That is a significant addition to the powers of Parliament to hold Ministers to account for the decisions they take in Brussels. It was an addition that I championed in opposition and one that this Government will now put into statute to ensure that parliamentary control is enhanced further. That is the first thing that the Bill achieves.

Henry Smith: I welcome the Bill, but if it becomes law a future Parliament will be able to repeal it, so ultimately, do we not, like other European countries such as Germany, need to codify the sovereignty of this Parliament in a written constitution?

Mr Hague: That is a wider debate, and there is a legitimate argument for that. I hope that the Bill becomes part of the accepted constitutional framework of this country, for which, over time, it will have to receive widespread public support and the acceptance of parties from all parts of the House. The Opposition, as we have said, will have some time to think about it. Indeed, they might have a very long time before they return to government-I certainly hope so. I hope that the Bill becomes part of our permanent constitutional framework, but the argument for a written constitution ranges much wider than the scope of the Bill.

Chris Bryant (Rhondda) (Lab): Will the right hon. Gentleman give way?

Mr Hague: Yes, I give way to the hon. Gentleman, one of those who would not hold a referendum on the Lisbon treaty.

Chris Bryant: The right hon. Gentleman knows well that I have long opposed referendums on almost everything. I am not a fan of referendums; I believe in parliamentary democracy, but that is a different debate from today's.

The hon. Member for Crawley (Henry Smith) makes a good point-that the Bill does not really introduce a referendum lock. It closes the door for a while, until such time as a Government of any colour, whether Conservative, Liberal Democrat-well, that is fairly unlikely-or Labour, choose, if they want to, to derogate from the Bill in any provisions that they introduce. Is that not the danger-that the Bill might just seem like no more than political posturing?

Mr Hague: As I go through the description of what the Bill entails, the hon. Gentleman will understand that it is a lot more than that. It means a great deal for what happens in this Parliament. It means that not only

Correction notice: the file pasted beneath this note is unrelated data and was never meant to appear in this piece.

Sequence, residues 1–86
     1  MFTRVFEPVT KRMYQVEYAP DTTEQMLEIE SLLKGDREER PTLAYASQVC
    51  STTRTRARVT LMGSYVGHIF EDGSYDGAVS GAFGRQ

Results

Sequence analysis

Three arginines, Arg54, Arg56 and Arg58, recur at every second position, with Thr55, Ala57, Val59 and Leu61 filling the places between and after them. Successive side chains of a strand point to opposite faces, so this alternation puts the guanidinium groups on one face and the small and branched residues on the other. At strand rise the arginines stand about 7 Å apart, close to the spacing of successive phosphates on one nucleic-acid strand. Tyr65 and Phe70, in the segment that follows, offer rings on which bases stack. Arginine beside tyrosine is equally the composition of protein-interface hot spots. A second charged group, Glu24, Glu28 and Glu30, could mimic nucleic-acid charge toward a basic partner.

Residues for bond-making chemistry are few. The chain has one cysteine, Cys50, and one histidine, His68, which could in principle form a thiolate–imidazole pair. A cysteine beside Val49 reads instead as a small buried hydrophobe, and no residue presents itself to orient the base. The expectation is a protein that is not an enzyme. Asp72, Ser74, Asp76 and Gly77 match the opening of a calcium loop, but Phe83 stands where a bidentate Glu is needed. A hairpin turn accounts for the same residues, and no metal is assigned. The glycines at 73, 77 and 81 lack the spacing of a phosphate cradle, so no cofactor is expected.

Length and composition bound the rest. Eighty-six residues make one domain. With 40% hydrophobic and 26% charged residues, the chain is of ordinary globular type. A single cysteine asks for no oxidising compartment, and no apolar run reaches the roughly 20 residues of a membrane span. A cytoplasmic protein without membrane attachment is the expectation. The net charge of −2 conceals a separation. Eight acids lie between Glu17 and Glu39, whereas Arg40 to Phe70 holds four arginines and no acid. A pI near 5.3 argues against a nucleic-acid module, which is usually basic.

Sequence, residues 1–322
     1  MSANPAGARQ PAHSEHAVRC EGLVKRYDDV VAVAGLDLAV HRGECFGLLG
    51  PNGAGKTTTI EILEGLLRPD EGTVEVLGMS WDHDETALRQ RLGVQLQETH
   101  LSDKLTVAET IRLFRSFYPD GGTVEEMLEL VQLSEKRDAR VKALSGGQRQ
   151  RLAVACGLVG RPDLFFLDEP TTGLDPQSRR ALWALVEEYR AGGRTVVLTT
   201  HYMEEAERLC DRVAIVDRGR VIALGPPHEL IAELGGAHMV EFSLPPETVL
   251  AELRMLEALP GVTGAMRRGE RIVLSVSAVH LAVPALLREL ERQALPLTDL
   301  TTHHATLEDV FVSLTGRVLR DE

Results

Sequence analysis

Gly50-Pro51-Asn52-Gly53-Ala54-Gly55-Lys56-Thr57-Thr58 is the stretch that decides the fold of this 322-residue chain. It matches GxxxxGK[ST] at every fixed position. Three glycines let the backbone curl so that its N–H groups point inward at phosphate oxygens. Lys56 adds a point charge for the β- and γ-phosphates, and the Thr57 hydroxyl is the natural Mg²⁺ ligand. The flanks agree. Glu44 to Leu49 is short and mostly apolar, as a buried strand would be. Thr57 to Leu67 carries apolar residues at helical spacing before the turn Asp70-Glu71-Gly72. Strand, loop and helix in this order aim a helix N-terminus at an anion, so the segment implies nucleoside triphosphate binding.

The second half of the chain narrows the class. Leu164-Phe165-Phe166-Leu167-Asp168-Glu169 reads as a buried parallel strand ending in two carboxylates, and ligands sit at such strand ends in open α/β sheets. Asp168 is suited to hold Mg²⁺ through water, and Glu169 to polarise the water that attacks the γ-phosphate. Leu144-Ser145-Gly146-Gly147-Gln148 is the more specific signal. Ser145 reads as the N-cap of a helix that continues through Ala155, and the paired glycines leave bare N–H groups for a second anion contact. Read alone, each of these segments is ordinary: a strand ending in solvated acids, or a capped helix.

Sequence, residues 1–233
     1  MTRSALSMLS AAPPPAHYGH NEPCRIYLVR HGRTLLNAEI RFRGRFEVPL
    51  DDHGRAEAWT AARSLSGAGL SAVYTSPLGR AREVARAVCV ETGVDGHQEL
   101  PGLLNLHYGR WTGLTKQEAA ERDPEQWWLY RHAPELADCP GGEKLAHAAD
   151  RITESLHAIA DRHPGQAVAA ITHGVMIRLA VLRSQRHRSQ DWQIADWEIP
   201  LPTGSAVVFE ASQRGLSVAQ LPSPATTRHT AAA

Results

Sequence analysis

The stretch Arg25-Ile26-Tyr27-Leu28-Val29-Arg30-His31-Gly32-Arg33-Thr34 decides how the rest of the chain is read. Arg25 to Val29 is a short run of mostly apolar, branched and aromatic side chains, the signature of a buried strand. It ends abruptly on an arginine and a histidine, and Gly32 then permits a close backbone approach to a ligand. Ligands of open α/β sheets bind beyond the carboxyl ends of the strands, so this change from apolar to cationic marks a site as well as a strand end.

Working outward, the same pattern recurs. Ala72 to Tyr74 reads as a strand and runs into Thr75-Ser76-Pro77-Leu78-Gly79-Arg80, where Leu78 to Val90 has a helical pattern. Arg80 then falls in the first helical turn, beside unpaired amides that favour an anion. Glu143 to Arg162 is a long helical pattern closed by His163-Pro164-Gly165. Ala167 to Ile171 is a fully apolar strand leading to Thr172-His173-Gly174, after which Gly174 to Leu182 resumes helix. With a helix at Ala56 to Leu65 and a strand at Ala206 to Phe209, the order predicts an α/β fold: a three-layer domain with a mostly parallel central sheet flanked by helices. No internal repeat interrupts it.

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do we have our commitment not to transfer more powers from this country to the European Union, but that in a vast range of circumstances we would have to hold a referendum if we contemplated doing so.

It will be very difficult for future Governments to go back on those commitments, but we will see; that is something for the Labour party to contemplate. In future elections, it can choose whether to say that it will weaken democratic accountability in this country or whether to accept the changes for the long term. That is a choice it will have to face, and there is no sign in its reasoned amendment today that it is yet making that choice. However, it will have to make that choice, and the hon. Member for Rhondda (Chris Bryant) will have to make it.

Charlie Elphicke (Dover) (Con): Will my right hon. Friend give way?

Mr Hague: I shall try to space out the interventions, but I will come to my hon. Friend.

Clause 4 sets out the criteria that the Government of the day would have to apply to determine whether a transfer of competence or power would occur under a future treaty change. The Act of Parliament seeking parliamentary approval for the treaty change would also make provision for the holding of the referendum, if a referendum was required. Following the entry into force of the Lisbon treaty, the different types of EU competence-a European legal term that really means the power to act in an area of policy-and the extent of each type of competence has been set out explicitly in the treaties. Under this legislation, any extension of competence would trigger a referendum. That would also include any extension or creation of a new objective for the European Union. That is all clear in the Bill.